How to safely store petrol
As petrol fuels are very flammable, their presence may pose many risks upon people, property and the environment. To ensure that people, property and the environment are adequately protected, petrol fuels must be stored in a safe and compliant manner. As petrol is classified as a flammable liquid, all storage facilities used to store petrol must comply with the Australian Standard AS 1940-2017 - The storage and handling of flammable and combustible liquids. This standard outlines the requirements for the design, construction and operation of stores used for the storage of flammable liquids. It covers factors such as:
- Spill containment
- Segregation from incompatible chemicals
- Separation from protected places and ignition sources
- Dangerous Goods signage
- Operational requirements
All these features ensure that the petrol fuels pose the least amount of risk upon the people, property and the environment.
The ventilation ensures that the flammable vapours coming from the flammable liquids are kept at a safe concentration. A low concentration of flammable vapours reduces the risk of the vapours igniting in the presence of an ignition source.
The spill containment provisions ensure that any petrol spills that may occur inside the flammable liquids store are contained. Containing petrol spills allows you to reuse the fuel and protects the environment from becoming polluted.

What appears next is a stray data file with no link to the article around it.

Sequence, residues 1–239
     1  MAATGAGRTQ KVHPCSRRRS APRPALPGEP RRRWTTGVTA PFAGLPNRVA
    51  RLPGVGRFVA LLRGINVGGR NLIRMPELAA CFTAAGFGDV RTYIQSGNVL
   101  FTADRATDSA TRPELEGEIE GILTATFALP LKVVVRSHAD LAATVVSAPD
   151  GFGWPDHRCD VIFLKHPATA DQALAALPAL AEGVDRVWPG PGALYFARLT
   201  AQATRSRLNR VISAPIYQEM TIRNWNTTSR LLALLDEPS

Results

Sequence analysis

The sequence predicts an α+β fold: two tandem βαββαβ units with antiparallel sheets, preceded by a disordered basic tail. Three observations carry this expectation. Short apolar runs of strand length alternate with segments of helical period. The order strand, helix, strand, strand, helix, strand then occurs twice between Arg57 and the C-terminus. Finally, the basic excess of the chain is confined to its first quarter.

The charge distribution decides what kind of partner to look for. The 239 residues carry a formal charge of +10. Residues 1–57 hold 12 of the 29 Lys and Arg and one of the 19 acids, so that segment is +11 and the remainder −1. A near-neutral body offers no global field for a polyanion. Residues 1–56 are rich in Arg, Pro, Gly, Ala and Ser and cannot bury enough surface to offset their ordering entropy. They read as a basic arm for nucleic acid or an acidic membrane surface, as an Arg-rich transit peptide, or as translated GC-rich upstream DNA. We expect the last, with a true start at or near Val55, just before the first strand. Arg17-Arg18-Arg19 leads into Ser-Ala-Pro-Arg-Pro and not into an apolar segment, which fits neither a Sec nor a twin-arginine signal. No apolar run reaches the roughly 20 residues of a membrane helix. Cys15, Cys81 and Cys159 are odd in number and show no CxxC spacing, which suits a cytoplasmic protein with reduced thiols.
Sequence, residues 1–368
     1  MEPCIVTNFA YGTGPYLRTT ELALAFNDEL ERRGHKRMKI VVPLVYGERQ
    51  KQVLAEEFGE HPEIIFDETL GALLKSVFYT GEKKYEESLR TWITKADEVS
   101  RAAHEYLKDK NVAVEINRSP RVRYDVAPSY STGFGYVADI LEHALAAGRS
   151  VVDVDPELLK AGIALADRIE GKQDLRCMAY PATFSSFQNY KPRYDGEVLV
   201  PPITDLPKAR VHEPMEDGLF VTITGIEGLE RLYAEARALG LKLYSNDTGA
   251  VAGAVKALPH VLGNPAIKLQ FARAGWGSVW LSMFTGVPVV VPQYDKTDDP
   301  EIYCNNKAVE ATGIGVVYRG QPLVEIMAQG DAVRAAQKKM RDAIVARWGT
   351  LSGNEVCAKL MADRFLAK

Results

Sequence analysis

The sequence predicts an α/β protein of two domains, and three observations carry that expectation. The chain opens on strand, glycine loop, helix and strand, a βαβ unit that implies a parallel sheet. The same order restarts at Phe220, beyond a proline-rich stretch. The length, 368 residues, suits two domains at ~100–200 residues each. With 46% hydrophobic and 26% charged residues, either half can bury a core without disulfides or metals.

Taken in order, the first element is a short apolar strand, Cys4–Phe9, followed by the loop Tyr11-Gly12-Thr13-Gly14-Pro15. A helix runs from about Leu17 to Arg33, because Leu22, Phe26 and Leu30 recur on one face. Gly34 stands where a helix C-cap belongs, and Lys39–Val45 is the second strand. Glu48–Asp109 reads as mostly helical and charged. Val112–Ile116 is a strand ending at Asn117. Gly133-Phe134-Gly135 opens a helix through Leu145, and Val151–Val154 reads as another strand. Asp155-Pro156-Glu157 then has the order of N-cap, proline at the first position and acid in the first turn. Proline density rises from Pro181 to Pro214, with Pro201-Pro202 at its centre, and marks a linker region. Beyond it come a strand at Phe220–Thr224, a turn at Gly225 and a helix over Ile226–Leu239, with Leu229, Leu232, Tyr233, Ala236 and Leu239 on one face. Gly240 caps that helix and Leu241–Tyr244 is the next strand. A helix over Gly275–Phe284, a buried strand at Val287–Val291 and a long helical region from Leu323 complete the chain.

Petrol and other flammable liquids are incompatible with a number of other dangerous substances. To avoid violent chemical reactions, flammable liquids must be segregated from incompatible substances by certain distances determined by the dangerous goods segregation chart.
As large quantities of flammable liquids have the potential to cause severe fires, they must be separated from public and protected places by certain distances to avoid harm to people in the event of a fire. A petrol fire will be triggered by an ignition source and therefore all petrol storage facilities must be isolated from ignition sources.
A public place is any place other than private property, open to the public, which the public has a right to use and which includes a public road. Parking areas for commercial buildings are not considered to be public places.